The Portage? Well it’s still in danger. Here’s the situation: A church located a few miles from the theater has outgrown its current location. When church reps found that the Portage was up for sale they jumped at the chance to buy it since the property is enormous. They plan to use the auditorium space for their presentations, the storefronts and apartments for other church business and events. They also plan to make significant alterations to the façade.
The alderman, John Arena, has been working with the church to try to find other, more suitable locations, but so far the church has refused to reconsider. This is not a matter of keeping the building owner from selling; there are several other offers on the property including one from the people who run the theater.
I haven’t yet run across any local who likes the idea of an enormous store-front church spang in the middle of the Six Corners business district, an area which used to be a thriving shopping and entertainment district, but has in the past twenty or thirty years become very down-at-the-heels. The re-opening of the theater has been a tremendous boost to pulling more business into the area. There’s a theater group and a museum of veterans’ art slated to open almost across the street from the Portage, and several new bistros and cafes which have recently opened or are about to open. The theater is an anchor for the neighborhood. Without it, and in fact with the church in its place, the area would almost certainly lose its momentum. The presence of a church (in the words of the group trying to save the theater) “would mean the eventual loss of a neighborhood favorite in the Portage Theater. The net effect would be a loss of tax revenue, economic revenue, economic engine that fuels activity in the corridor, and set insurmountable restrictions for businesses looking to open restaurants, bars and places of entertainment moving forward.”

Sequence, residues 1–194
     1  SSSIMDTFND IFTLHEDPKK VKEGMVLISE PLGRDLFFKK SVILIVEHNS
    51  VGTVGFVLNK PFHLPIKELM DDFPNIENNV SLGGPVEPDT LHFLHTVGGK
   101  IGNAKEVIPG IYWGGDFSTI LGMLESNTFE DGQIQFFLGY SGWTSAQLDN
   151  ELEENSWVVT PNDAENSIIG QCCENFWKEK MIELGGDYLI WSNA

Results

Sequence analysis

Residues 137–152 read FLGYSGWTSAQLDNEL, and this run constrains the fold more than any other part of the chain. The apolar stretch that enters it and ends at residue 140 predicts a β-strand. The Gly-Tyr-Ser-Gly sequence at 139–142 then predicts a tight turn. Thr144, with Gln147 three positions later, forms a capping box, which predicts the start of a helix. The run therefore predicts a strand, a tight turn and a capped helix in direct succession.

Why does business matter? Because this area has been a ghost town for too long. When I was a child it was the central business district for all the neighborhoods around it. Then people began to leave the city in the late sixties and early seventies and bit-by-bit neighborhoods came apart. We need our neighborhoods. We need places where independent businesses can grow and thrive, where we can shop, dine, and be entertained close to home. Actual, physical involvement in a community is a deterrent to crime; it raises the bar for that community. Everyone benefits.
Why am I saying all this? Because the folks who want to save the Portage Theater have started a petition that they want to present at the final Zoning Board of Appeals hearing. The church needs special zoning permissions and the neighborhood is against granting them. They came to the last meeting unprepared, and were given a continuation. The board has made it clear that they will not get another continuation, so this is a make-or-break moment for the campaign to save the Portage. Please consider signing the petition. You don’t really have to be a resident of the area, or even a Chicagoan; you just have to care about what will happen to the neighborhood if this wonderful old theater is lost.